One guy was crying, the other rejoicing, and jazz swung on this month at Baker’s Keyboard Lounge.
Clarence Baker, whose name has been synonymous with classy jazz for more than half a century, received the last payment on a promissory note in exchange for the deed to the club.
“He was in tears, and I was in joy,” said John Colbert who took over club operations five years ago, along with his partner Juanita Jackson. “He was Baker’s. He realized for the first time … it dawned on him it was gone.”
Colbert, a retired Detroit Police lieutenant, recalled the horror stories that he and Jackson heard at the outset. Heck, the club had changed hands more than once before, with Baker coming back as would-be successors faltered. Seeing Baker’s continue as a jazz club was always a major concern.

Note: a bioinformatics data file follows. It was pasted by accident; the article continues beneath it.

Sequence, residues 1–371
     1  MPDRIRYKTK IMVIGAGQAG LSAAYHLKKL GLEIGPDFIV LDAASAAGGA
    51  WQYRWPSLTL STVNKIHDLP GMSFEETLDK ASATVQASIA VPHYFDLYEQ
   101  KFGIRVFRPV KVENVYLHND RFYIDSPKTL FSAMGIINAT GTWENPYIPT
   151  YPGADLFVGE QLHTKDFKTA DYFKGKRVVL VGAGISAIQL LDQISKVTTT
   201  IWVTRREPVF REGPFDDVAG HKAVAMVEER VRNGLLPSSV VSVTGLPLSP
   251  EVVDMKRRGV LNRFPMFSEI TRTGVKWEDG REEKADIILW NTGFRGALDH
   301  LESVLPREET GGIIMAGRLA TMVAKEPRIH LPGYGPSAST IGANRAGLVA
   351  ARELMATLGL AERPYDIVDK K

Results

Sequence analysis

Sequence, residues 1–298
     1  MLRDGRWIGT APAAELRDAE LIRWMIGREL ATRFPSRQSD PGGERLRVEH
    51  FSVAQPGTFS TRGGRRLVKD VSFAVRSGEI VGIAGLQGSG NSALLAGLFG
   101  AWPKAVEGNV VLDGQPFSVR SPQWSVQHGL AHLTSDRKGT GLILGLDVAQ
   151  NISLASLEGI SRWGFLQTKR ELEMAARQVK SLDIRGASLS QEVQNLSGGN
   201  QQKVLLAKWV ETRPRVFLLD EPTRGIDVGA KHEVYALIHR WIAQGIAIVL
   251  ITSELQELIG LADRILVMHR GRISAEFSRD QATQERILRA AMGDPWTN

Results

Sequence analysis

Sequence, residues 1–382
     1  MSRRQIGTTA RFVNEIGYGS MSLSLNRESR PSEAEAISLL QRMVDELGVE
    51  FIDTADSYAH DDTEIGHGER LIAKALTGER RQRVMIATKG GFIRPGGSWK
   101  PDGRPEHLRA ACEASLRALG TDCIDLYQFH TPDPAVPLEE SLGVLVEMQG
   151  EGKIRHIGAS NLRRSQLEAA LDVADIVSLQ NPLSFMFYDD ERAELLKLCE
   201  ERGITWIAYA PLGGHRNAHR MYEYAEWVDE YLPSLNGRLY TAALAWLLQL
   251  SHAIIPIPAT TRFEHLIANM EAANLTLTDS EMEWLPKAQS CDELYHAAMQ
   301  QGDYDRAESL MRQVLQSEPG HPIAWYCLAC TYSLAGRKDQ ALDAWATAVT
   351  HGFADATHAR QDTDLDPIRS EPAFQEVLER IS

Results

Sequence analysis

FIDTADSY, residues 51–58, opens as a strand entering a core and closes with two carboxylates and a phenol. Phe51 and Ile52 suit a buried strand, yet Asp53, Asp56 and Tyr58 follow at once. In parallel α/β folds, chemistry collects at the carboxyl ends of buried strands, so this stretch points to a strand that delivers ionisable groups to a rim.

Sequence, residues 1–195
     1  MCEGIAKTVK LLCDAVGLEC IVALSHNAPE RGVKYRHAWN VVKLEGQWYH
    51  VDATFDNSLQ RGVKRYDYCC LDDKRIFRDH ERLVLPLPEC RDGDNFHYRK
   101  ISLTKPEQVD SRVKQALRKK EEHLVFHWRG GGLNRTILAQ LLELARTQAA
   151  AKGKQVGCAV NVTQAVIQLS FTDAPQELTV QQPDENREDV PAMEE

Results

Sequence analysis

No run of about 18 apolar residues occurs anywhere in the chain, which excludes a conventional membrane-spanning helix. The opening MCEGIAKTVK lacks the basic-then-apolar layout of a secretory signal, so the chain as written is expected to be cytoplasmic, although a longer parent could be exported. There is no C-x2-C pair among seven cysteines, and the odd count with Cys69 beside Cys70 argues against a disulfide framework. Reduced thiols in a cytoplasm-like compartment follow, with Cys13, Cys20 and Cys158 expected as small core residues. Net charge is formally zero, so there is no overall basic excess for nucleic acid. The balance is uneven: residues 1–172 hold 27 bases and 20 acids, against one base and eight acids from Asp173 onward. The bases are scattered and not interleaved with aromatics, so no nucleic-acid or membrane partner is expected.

Colbert recalls a rocky beginning, but with good food, a strong roster of Detroit jazz masters, plenty of jam sessions and a no-cover policy, the club has thrived.
As if to cap the changing of the guard, Colbert has his biggest event next month as saxophone star James Carter records live June 14-16. Plans for Sonny Rollins fell through, but saxophonists David Murray and Franz Jackson are being discussed. (There won’t be a cover, but it will be invitation-only.)
Carter is a club regular, stopping by to jam whenever he’s in town, said Colbert. In fact, Colbert added, “He grew up in this club.”
And under Colbert and Jackson, plenty of other Detroit jazz musicians (and fans) are getting the opportunity to do the same.MT managing editor W. Kim Heron contributed to Hot & Bothered, which is edited by MT arts editor George Tysh